In 2005, graphic designer Nicholas Felton took 3,754 photos. In 2008, he took the subway 545 times. In 2009, he was 73.9% happy. “My Annual Report series is an attempt to graphically retell a year of my life using graphs, maps, and statistics,” he explains. After 10 years of increasingly sophisticated data collecting—using nearly every method imaginable he says—Felton recently released his final annual report, an account of the year 2014.
We checked in with him recently to learn more about his decade of data collecting—and, as could be expected, he sent back some detailed answers.
The project started with the year 2005, “a year filled with travel to new places, abundant photography, great meals and new music.” To highlight the year’s events, he “started digging,” compiling data from his calendar, notebook, photos, and music that was logged on services like Last.fm. “The more I searched, the more I realized that my year could be reconstructed from these records. With this foundation, I began playing with elements from data viz, photo albums, travelogues, best-of lists and Harper’s Index. What emerged was the 2005 Annual Report.”
After sending the project to a few friends, it gained traction, appearing on various design blogs and generating interest from strangers. “Finding an audience for this experiment amplified my curiosity and ambition, which has in turn increased the audience, and this feedback cycle has pushed the scope of the project each year since.”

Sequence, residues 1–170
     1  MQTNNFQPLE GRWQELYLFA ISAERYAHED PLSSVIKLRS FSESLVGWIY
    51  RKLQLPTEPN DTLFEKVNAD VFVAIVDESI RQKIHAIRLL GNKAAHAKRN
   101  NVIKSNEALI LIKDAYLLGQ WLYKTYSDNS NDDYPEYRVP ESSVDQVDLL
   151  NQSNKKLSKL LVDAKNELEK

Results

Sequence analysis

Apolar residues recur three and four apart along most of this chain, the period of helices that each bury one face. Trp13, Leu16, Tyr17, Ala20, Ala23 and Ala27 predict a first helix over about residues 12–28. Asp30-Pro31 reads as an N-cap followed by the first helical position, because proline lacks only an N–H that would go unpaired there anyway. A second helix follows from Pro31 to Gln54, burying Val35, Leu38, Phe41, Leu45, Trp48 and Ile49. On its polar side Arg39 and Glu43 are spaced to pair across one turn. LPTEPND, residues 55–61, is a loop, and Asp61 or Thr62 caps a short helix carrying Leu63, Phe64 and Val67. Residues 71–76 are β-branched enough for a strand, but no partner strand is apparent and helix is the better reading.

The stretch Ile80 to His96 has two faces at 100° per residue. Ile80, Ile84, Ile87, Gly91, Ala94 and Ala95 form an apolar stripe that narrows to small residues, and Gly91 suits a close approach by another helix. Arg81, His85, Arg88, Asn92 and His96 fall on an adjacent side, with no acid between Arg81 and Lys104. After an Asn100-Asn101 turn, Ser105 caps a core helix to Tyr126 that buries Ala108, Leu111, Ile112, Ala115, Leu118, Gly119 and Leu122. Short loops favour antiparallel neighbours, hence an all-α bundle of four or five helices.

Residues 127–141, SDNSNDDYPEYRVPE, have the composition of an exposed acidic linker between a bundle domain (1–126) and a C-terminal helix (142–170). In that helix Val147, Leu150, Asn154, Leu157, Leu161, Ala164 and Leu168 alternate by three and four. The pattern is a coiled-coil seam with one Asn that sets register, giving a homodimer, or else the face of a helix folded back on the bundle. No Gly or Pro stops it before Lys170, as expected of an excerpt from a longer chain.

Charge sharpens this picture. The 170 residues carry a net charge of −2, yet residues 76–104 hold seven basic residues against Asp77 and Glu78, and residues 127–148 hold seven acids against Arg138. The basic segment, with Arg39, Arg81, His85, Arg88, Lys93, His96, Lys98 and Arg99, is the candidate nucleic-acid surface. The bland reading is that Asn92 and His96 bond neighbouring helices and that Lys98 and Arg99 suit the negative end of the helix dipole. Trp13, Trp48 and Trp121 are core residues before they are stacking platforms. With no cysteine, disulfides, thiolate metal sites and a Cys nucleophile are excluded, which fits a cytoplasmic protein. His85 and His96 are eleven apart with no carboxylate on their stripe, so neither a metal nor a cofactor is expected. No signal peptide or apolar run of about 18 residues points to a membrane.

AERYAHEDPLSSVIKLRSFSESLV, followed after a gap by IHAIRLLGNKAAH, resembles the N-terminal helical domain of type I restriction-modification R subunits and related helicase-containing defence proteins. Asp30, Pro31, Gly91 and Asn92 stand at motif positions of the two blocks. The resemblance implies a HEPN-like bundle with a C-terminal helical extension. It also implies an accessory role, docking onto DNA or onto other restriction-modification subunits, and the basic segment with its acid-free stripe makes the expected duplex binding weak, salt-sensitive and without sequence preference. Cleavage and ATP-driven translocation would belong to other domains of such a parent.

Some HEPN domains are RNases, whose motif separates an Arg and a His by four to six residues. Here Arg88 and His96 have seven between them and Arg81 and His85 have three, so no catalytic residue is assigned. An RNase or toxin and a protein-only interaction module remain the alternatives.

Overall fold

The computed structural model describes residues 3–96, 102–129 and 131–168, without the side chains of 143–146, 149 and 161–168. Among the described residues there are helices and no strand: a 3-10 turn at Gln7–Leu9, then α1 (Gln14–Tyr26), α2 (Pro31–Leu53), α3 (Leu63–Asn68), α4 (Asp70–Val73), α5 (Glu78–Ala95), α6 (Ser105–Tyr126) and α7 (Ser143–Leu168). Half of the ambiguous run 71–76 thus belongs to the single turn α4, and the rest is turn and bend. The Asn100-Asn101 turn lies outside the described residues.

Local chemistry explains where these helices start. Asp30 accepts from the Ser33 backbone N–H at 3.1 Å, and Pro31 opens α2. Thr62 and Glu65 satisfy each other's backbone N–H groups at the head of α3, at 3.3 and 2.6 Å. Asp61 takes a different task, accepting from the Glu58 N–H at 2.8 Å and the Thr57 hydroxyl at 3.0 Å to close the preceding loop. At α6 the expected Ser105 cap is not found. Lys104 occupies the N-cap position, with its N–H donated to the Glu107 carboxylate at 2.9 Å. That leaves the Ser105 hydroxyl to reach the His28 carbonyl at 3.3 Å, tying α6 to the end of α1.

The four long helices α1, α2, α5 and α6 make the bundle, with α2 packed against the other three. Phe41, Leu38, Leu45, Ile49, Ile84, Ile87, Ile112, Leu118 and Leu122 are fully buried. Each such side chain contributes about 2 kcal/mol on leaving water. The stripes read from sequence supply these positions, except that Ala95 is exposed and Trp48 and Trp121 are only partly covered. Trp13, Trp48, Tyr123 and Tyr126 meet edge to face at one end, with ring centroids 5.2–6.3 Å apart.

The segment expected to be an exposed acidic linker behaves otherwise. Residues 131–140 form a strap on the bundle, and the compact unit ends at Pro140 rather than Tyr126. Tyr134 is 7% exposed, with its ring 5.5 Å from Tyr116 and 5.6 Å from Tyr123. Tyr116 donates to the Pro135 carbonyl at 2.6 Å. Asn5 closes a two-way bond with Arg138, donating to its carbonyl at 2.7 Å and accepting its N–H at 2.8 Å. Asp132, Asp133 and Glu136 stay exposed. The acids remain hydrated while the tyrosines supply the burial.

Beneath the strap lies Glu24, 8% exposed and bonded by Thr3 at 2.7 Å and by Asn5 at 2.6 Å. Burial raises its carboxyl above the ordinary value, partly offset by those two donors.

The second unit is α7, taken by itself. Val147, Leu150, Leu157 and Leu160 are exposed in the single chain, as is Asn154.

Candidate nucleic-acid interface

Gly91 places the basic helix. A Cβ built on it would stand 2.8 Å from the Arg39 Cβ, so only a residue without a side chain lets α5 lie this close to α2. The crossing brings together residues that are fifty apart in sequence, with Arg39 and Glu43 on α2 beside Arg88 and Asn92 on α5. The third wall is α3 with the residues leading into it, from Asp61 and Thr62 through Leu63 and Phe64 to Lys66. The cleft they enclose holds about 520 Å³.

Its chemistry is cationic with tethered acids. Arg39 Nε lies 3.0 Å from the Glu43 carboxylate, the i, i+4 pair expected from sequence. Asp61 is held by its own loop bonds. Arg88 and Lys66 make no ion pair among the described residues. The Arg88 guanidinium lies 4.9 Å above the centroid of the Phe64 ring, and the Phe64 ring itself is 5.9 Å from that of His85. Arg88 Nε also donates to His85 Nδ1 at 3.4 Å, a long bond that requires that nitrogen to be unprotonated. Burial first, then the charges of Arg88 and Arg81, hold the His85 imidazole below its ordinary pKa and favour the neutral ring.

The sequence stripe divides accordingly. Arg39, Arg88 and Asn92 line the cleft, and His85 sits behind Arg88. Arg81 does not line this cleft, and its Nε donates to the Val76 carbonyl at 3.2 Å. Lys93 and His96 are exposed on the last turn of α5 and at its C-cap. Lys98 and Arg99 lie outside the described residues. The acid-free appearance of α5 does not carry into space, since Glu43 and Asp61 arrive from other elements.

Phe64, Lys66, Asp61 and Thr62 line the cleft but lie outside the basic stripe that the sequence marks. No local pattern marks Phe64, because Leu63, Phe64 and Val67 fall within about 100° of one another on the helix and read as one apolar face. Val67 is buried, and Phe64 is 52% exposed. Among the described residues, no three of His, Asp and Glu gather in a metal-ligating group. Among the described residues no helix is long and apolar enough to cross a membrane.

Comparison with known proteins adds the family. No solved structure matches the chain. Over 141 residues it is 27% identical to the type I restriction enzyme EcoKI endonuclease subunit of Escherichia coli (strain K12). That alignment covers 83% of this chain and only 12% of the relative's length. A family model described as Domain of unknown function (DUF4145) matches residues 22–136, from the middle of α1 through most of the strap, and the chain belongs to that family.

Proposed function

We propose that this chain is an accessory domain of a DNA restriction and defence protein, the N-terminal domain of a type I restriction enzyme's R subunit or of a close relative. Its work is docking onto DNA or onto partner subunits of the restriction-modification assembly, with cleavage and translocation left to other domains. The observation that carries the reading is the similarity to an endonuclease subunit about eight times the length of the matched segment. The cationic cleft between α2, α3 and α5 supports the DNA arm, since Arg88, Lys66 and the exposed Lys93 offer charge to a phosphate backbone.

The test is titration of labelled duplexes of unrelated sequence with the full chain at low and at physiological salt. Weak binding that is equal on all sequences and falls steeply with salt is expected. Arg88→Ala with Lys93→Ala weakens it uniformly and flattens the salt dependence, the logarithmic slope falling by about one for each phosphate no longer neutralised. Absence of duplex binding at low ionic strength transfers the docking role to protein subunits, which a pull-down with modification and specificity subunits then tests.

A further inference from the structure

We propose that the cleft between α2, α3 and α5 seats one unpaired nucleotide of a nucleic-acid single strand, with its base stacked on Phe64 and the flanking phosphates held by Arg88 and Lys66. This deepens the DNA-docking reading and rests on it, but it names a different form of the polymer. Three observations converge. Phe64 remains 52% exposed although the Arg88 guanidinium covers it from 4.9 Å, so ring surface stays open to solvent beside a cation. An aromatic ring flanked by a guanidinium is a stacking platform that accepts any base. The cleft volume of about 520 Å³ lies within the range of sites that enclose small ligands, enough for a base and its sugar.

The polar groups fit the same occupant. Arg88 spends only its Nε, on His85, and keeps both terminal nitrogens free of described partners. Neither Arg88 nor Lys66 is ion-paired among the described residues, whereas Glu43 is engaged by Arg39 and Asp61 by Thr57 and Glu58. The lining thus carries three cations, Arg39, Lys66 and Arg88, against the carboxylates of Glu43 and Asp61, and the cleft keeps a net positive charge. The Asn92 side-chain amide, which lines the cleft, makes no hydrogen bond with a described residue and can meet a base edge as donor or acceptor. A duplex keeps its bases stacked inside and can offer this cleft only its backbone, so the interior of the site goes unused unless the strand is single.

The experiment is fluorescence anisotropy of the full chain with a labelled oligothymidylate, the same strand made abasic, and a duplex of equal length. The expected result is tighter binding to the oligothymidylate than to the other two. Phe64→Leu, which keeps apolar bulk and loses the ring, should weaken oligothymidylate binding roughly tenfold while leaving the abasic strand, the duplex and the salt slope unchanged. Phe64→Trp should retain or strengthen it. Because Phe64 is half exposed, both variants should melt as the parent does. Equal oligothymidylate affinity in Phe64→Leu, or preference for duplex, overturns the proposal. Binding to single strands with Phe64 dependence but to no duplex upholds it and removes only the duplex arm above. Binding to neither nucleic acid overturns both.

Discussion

From year to year, the type of data being collected and the collection methods grew more complex. In 2007, he tracked all the New York City streets he walked along, keeping diligent notes on his phone and later digitizing the routes. In 2009, after four years of self-tracking, he “became interested in outsourcing the job” to the people he interacted with. “They were asked to describe my mood, our conversation, what we ate or drank, where we went…This approach helped me gain a sense of my outward appearance and allowed me to compare this feedback to my sense of self.”
In 2011, he published a biennial report, drafting a cross-comparison of the years 2010 and 2011. The following year he commissioned an iPhone app, Reporter, which pinged him at random intervals and prompted him to complete a survey to better capture social connections and other, “more nuanced aspects” of quotidian life (a commercial version has since been released for iPhone users). In 2013, the theme of the year was communication: He collected records for over 12,000 conversations he had, online and offline, from January to December.
The 2014 report was released in the fall of 2015, taking nearly a year to complete. It is Felton’s last edition. In addition to the obvious time constraints posed by the endeavor, Felton says he feels like he’s reached the limits of what he can reasonably record. “At this point, I don’t think I have left much that can be quantified unexplored,” he concludes.
To learn more about Nicholas Felton’s annual reports, go here.